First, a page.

(not set) – The Google Analytics blog in 2009 said that (not set) is “any direct visit or referral visit… because it does not have a keyword, ad content or any other campaign information associated with the visit.” This problem has been attributed to faulty auto-tagging on destination URLs and gclid redirection for keywords in paid campaigns. Hopefully one of you dear readers can explain this part to me, though: Many have said that (not set) refers to traffic coming from referrals or direct landings. However, I am struggling to understand why referral and direct traffic are coming from Traffic Sources > Search > Organic (excluding paid/PPC) and identifying their source as Google organic. Why is it in Search at all, instead of under Direct or Referral traffic? This has been identified as a common issue with AdWords traffic, but according to Analytics this is not paid traffic.
I welcome your insight and expertise in the comments, because I am honestly stumped on the (not set) issue.
UPDATE – SEPTEMBER 2012
Here are updated percentages of (not set) and (not provided) Google organic keyword traffic from November 2011 through August 2012. As you can see, it continues to climb and now it’s almost at 19% of organic Google keyword traffic. That means I can’t identify nearly a quarter of the keywords Google organic are sending traffic from. Still just on this one site (which runs both PPC and organic), and it spiked very suddenly in November from virtually none before-hand. It’s almost entirely desktop traffic, not mobile traffic.
|Month||NP %||NS %|
UPDATE – NOVEMBER 2012
We had a handful of findings and undertook some projects to clean up our Analytics in hopes of finding a solution to this (not set) and (not provided) problem. I’m thrilled to say that the (not set) keywords have plummeted to a comfortable zero. However, for the site referenced above, the (not provided) keywords almost immediately shot up almost as much as (not set) went down – roughly 20% – bringing the total amount of invisible Google organic keywords back to that 25% range we struggled with before.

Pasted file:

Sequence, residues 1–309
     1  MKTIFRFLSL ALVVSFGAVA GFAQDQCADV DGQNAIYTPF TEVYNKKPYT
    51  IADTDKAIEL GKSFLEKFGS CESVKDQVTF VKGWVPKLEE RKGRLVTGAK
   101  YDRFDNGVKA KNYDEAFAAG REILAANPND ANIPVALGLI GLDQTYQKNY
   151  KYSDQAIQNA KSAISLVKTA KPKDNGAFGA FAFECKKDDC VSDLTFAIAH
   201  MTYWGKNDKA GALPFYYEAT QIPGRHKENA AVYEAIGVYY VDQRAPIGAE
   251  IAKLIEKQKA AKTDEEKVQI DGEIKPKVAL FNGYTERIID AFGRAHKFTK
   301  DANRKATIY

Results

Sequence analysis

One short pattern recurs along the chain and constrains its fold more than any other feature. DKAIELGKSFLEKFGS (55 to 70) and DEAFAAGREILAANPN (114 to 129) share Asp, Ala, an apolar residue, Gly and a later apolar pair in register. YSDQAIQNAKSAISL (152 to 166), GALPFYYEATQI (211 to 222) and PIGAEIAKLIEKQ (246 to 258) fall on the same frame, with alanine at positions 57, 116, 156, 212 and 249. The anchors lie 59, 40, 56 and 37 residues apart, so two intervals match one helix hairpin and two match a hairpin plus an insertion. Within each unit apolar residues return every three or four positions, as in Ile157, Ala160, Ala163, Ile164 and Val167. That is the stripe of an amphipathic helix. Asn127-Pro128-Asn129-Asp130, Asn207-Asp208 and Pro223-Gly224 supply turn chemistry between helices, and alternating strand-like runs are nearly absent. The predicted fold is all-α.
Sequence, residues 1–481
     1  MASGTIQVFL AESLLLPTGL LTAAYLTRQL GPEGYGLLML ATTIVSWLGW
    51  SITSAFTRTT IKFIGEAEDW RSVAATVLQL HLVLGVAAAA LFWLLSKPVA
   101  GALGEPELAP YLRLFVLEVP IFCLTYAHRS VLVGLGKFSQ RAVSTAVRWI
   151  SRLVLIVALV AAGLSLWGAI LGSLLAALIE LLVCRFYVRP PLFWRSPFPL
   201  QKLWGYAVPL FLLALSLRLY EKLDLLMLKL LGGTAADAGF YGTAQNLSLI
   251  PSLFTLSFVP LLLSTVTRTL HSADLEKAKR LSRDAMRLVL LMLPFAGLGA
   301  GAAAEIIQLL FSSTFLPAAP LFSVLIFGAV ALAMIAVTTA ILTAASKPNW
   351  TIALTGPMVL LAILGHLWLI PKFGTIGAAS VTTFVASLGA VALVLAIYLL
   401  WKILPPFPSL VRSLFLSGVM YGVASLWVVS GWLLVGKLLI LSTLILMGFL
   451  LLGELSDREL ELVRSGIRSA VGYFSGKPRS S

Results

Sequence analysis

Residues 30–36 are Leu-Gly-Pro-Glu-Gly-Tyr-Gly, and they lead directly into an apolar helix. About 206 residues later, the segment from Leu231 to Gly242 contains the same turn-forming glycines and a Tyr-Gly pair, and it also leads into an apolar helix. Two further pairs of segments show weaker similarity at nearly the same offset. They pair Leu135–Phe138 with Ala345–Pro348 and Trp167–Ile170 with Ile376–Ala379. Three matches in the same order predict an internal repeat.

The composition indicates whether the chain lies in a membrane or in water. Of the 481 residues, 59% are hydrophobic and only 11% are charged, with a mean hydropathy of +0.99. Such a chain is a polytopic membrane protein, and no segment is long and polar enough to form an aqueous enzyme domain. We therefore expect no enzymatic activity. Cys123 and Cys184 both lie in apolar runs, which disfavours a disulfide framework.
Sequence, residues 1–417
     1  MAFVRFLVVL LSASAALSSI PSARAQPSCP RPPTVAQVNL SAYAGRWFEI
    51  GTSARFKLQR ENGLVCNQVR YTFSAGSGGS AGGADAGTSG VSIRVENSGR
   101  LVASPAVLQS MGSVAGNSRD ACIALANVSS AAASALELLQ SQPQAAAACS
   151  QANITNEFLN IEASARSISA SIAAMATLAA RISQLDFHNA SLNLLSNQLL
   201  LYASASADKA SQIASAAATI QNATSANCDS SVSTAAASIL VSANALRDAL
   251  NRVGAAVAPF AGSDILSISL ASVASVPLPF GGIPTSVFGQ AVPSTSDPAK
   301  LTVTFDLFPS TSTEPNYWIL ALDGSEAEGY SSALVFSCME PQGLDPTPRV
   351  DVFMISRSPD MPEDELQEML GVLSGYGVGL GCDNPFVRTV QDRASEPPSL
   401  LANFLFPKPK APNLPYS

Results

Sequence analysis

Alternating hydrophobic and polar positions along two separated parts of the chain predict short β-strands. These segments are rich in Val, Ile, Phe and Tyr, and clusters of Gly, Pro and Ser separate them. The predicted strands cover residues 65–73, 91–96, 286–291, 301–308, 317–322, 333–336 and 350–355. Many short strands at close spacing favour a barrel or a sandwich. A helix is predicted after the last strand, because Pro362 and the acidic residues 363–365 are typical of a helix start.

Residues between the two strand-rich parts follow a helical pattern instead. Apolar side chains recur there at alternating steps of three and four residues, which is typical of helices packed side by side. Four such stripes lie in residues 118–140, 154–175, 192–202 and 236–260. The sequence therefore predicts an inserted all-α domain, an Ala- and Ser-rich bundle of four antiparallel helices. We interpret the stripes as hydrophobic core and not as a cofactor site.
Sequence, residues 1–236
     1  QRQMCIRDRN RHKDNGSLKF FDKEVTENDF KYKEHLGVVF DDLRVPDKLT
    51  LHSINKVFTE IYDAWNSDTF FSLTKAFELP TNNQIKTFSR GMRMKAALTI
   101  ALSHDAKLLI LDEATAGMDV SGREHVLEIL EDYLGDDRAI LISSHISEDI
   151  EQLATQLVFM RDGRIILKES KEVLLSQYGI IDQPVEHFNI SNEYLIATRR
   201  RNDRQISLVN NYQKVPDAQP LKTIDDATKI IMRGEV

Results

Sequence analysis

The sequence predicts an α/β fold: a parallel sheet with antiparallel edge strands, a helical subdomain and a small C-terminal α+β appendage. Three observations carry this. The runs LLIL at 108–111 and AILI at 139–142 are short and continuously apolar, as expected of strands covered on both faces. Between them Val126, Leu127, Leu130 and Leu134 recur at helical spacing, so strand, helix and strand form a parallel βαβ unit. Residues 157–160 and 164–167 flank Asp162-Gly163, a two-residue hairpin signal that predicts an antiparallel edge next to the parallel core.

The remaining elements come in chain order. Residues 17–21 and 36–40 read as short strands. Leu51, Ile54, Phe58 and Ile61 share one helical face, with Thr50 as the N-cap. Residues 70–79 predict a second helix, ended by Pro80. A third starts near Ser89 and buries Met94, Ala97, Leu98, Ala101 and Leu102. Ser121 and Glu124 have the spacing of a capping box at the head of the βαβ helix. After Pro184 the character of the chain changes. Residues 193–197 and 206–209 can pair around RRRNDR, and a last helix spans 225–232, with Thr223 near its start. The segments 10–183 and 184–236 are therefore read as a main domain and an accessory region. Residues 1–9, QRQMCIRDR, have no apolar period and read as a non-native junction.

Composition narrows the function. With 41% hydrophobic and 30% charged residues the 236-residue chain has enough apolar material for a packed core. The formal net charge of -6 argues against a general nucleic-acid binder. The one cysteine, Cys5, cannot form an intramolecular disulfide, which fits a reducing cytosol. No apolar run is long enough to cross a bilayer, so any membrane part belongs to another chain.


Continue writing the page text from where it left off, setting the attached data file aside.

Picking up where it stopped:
So what that tells us is these terms may be interchangeable. Though I’m still looking into that and how it times with the rise in full SSL browsers encrypting searches, and will update when I know more. Regardless, the “war on keywords” goes on as more full SSL browsers begin to surface, and as Google Chrome gets more and more locked down even for non-logged in users. It’s unfortunate, really.
Here’s what we did:
- Found and replaced all instances of duplicate Analytics code or any outdated Urchin Analytics code with the most current, up-to-date Analytics tracking code. (Truthfully, this should have been in good working order anyway, but we found several parts of the site that still had old or duplicate code on them.)
- Found that AdWords was connected to two separate Analytics accounts. We eliminated one duplicate account and ensured all AdWords channels were connected to the proper Analytics UA.
- Double-checked all ad tagging and made sure that all ads were pointing to landing pages with the proper www. version of the URL rather than the non-www. version and being forced through a canonicalization redirect.
All of these are important, but if you do nothing else, check into Item 1. Ever since we scoured the site for outdated Analytics code and replaced it with the most current version, we haven’t seen a single “(not set)” keyword in GA under Search > Organic keywords.
If this still doesn’t solve your problem, please check out the comments below for a very informative community discussion with lots of potential theories to consider. And if something else worked for you, please share in the comments below so the community can benefit from your learnings!